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Base beaches close as snowy plover nesting season begins

VANDENBERG AIR FORCE BASE, Calif. -- Restrictions have been lifted on Minuteman, Surf and Wall beaches as the Western snowy plover season came to a close here Friday, Sept. 17, 2010. Vandenberg's three local beaches close once a year from March 1 to Sept. 30 (beaches reopened two weeks earlier this season) for the tiny shorebird listed as threatened by the United States Fish and Wildlife Service. 
(U.S. Air Force photo)

VANDENBERG AIR FORCE BASE, Calif. -- All sections of Surf and Wall Beaches are slated to close March 1, for the nesting season of the western snowy plover. The U.S. Fish and Wildlife Service will be implementing the seasonal restrictions placed to protect the population of the tiny shorebirds. (U.S. Air Force photo/Senior Airman Stephen Cadette)

VANDENBERG AIR FORCE BASE, Calif. -- Vandenberg's beaches close once again as the nesting season begins Sunday for a tiny shorebird listed as threatened by the U.S. Fish and Wildlife Service.

The western snowy plover nests on Vandenberg beaches from March 1 through Sept. 30 each year. To aid the species' recovery, portions of Vandenberg's beaches are closed and access is restricted during the bird's nesting season.

"Closing beaches prevents the crushing of eggs and chicks by people walking in the sand and also eliminates human disturbance that causes adult plovers to abandon nests," said Darryl York, a 30th Civil Engineer Squadron wildlife biologist. "The eggs and chicks are almost impossible to see by the untrained eye. Beach recreationists may inadvertently lay their beach towel right next to a nest and prevent the adult from incubating the eggs until they are too cold. These closures are intended to keep that from happening."

The affected beaches are Minuteman on the far north end of the base, Wall Beach off of 35th St. and Surf Beach at the end of Highway 246. Open hours at Surf Beach are 8 a.m. to 6 p.m. daily. Open areas are clearly described on signs at each beach.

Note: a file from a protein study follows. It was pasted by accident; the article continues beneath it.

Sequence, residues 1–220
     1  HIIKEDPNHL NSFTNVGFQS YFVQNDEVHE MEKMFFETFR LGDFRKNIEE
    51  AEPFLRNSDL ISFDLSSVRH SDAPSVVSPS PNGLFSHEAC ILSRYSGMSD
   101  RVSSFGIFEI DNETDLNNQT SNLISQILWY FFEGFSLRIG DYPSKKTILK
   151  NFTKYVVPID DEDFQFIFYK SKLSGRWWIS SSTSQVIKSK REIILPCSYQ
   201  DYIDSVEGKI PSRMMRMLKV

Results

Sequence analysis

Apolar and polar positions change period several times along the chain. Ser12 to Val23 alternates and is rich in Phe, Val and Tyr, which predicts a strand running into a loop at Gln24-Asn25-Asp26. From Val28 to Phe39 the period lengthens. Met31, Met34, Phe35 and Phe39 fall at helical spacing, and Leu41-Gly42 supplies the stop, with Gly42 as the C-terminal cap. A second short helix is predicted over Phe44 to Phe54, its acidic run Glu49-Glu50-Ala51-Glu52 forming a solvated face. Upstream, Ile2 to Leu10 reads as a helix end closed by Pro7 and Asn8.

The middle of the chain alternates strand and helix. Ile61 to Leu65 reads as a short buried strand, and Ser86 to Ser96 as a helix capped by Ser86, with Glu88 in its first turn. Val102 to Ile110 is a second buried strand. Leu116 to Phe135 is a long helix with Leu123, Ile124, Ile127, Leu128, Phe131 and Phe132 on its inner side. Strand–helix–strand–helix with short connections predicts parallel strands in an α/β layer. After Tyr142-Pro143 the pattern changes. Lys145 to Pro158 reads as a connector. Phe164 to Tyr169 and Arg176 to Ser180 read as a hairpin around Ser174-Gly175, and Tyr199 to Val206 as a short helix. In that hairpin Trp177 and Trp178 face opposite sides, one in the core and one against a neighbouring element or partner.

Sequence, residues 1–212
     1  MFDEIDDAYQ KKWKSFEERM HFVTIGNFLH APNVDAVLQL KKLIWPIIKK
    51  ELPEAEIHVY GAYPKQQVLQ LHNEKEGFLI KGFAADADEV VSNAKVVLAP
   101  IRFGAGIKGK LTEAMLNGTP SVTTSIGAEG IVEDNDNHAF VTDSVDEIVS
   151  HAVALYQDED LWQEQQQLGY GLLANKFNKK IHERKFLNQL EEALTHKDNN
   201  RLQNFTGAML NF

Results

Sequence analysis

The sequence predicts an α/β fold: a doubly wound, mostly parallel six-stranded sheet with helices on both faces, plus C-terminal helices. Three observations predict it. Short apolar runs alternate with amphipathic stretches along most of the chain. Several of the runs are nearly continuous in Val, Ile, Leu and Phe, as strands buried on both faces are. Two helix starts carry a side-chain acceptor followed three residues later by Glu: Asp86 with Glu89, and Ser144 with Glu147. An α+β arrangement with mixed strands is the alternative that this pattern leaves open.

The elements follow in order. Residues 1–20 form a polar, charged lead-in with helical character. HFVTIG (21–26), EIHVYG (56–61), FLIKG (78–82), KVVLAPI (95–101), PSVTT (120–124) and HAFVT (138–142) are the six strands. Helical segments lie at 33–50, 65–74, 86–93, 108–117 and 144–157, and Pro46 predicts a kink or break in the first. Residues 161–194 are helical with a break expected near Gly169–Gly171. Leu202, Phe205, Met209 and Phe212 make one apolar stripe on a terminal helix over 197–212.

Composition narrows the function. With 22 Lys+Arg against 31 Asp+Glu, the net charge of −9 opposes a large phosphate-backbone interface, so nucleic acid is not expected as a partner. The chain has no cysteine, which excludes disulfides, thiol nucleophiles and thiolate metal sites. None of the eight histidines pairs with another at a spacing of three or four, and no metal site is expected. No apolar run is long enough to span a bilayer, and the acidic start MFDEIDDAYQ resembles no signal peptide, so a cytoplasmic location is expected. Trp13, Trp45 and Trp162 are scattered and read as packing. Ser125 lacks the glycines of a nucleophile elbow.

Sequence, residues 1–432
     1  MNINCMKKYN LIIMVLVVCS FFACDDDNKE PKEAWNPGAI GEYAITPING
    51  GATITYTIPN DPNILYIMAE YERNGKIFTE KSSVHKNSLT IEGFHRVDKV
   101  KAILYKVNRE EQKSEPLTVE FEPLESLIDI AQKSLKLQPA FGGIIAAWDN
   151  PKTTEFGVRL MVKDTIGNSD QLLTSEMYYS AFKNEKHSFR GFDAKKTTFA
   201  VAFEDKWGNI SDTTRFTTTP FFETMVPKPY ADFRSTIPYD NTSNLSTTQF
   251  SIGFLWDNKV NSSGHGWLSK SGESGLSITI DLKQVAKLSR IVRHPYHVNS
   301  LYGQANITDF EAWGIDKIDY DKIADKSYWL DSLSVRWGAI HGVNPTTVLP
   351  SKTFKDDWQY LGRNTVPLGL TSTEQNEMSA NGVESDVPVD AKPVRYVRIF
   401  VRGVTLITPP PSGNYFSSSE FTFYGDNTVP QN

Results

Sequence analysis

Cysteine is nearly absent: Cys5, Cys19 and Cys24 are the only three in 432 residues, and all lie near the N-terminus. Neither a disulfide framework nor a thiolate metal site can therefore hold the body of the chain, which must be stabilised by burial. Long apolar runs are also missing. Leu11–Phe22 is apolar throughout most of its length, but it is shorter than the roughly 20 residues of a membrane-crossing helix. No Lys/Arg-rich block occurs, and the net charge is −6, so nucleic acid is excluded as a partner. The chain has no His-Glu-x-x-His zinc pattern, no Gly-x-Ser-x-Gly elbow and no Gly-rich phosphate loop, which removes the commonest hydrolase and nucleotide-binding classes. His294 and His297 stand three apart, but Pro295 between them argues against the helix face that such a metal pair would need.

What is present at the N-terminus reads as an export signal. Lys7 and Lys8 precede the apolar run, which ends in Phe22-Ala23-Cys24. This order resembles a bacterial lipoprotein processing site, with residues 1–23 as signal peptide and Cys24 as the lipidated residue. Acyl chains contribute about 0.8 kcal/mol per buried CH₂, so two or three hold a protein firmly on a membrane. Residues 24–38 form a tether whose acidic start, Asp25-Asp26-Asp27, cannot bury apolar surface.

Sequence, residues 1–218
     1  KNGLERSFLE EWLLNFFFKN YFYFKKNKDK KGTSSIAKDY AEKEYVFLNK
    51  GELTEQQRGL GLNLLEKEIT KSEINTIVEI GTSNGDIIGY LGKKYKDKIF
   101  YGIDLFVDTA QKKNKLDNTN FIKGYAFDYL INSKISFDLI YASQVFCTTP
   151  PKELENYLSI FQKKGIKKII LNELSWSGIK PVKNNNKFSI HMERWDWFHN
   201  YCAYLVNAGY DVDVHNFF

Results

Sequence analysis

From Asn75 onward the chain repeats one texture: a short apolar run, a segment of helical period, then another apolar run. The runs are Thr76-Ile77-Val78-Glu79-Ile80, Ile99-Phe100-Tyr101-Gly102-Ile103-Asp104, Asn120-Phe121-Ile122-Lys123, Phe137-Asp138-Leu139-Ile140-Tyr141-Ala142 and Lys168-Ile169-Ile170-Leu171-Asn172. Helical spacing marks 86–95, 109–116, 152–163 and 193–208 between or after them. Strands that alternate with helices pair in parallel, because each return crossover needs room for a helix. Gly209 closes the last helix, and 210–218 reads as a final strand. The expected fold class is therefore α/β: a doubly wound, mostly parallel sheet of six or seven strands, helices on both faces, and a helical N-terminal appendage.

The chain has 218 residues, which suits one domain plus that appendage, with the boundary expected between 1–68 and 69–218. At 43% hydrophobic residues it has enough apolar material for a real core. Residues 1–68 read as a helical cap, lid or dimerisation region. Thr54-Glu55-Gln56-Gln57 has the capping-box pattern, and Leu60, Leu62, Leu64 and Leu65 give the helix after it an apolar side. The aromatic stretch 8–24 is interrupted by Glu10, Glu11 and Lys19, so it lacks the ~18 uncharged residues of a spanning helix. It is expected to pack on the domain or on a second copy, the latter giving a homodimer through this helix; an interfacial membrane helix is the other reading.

"Vandenberg plays a critical role in the conservation of the western snowy plover," Mr. York said. "Over 20 percent of the population is found on Vandenberg beaches."

Beach access at Wall and Minuteman will be allowed from sunrise to sunset on a trial basis. If five or more violations of open hours and restricted areas at either of these beaches are detected, open hours will revert to 8 a.m. to 6 p.m.

Every entry into closed areas counts as a violation of beach restrictions. If a specified violation limit is reached at a particular beach, that entire beach will be closed for the remainder of the nesting season.

Beach access and violation limits are as follows:

Surf Beach - open area is one-half mile long adjacent to Surf Station, accessible directly from the Amtrak station or via a one-half-mile trail through the back dunes from Ocean Park. Violation limit - 50

Wall Beach - open area is the northernmost one-quarter mile of the beach. Violation limit - 10

Minuteman Beach - open area is the northernmost one-half mile of the beach. Violation limit - 10

Signs listing restrictions are posted at each beach.

The U.S. Fish and Wildlife Service gives Vandenberg a target population of 400 adult breeding birds maintained over 10 years in order to consider delisting this species. In 2008, 207 plovers built about 295 nests and hatched 324 chicks.

Beach closures include a prohibition on pets, horses, flying objects such as kites and Frisbees (which birds can mistake for a predator), and driftwood collected for shelters or fires.

"Harming or harassing a federally listed endangered species carries severe penalties," Mr. York said. "It is a federal law, and U.S. special agents will enforce it."

"Enjoy the beaches that are open," Mr. York added. "Let others know that if they violate the beach restrictions it can result in the beaches being closed for everyone; and no one wants that."

SIDEBAR -
In September 2007, the State of California designated Surf Beach and nearby beaches as "no fishing zones" under the auspices of the Vandenberg State Marine Reserve. This action was not undertaken by the U.S. Air Force. Active duty personnel are still allowed to fish in certain areas. For more information, contact Conservation Law Enforcement at 606-6804.